Using the Web for an intervention to get kids to eat more healthfully and… (Joe Raedle / Getty Images )
Web-based interventions to help teens eat better and exercise more may show some benefits in the short term, but not in the long term.
A study of 883 12- and 13-year-olds in the Netherlands found that a Web-based intervention program designed to help them eat more fruits and vegetables, drink fewer sugary beverages and increase their activity found that a few strategies worked after four months, not not two years later.
The students were randomly assigned to take part in the program or continue their regular diet and activity regimen. Those in the intervention engaged in an interactive curriculum that included a health education component, tailored feedback on their behavior, plus opportunities to plan and set goals. In addition to reviewing results among all the students, researchers also looked at a sub-group considered at risk if they didn't meet any of the behavioral guidelines at the beginning of the study, such as eating fruits and vegetables and getting exercise.
First, the good news: After four months, those in the Web group were less likely to drink more than about a pint a day of a sugar-sweetened beverage compared with the control group -- but not the at-risk group. Those in the intervention group ate fewer snacks than the controls. The at-risk students in the intervention group ate more fruit than those in the control group, and the intervention group and the at-risk kids in that group ate more vegetables than controls.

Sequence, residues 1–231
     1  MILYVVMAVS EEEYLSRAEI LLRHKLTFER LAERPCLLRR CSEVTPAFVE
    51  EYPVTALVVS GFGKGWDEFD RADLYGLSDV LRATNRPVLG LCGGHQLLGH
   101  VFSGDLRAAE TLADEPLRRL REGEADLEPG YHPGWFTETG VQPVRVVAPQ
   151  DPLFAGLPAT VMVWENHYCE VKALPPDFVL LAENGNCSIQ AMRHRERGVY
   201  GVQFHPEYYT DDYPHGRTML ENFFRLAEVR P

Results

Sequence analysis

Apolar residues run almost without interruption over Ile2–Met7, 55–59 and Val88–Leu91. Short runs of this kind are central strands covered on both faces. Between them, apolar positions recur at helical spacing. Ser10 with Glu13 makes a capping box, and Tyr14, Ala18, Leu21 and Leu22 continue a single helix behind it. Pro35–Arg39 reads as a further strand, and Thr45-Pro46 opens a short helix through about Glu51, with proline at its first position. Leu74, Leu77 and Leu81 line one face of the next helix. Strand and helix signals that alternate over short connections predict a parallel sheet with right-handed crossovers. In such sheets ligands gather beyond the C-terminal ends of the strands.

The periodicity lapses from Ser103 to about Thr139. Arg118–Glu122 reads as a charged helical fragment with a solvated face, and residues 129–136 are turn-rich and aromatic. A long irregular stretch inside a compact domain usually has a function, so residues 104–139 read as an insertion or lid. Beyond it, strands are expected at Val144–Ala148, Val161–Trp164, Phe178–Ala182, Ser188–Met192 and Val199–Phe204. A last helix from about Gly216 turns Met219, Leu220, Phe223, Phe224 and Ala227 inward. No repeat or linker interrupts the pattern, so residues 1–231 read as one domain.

However, no differences in the groups were seen for eating more whole-wheat bread, and after four months the at-risk kids in the intervention group were less likely to be involved in sports compared with the control group.
Hardly any of the positive changes were noticeable after two years. The at-risk children in the intervention group did report taking more steps at the two-year mark compared with controls. Web-based interventions like these are often touted as a viable way for kids to slim down, because computers are so much a part of their lives.
The authors noted that in other studies more benefits were seen among health-promoting programs when there was a multipronged approach that included the family and community. "To promote physical activity in the school setting," they wrote, "computer-tailored programs might need to be accompanied by family, community, and/or environmental interventions."
The study was released online Monday in the Archives of Pediatrics & Adolescent Medicine.